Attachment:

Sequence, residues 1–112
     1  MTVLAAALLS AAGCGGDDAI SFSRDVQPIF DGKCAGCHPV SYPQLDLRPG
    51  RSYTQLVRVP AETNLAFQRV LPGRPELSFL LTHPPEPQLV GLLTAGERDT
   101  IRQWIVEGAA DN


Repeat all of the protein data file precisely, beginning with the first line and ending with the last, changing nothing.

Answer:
Sequence, residues 1–112
     1  MTVLAAALLS AAGCGGDDAI SFSRDVQPIF DGKCAGCHPV SYPQLDLRPG
    51  RSYTQLVRVP AETNLAFQRV LPGRPELSFL LTHPPEPQLV GLLTAGERDT
   101  IRQWIVEGAA DN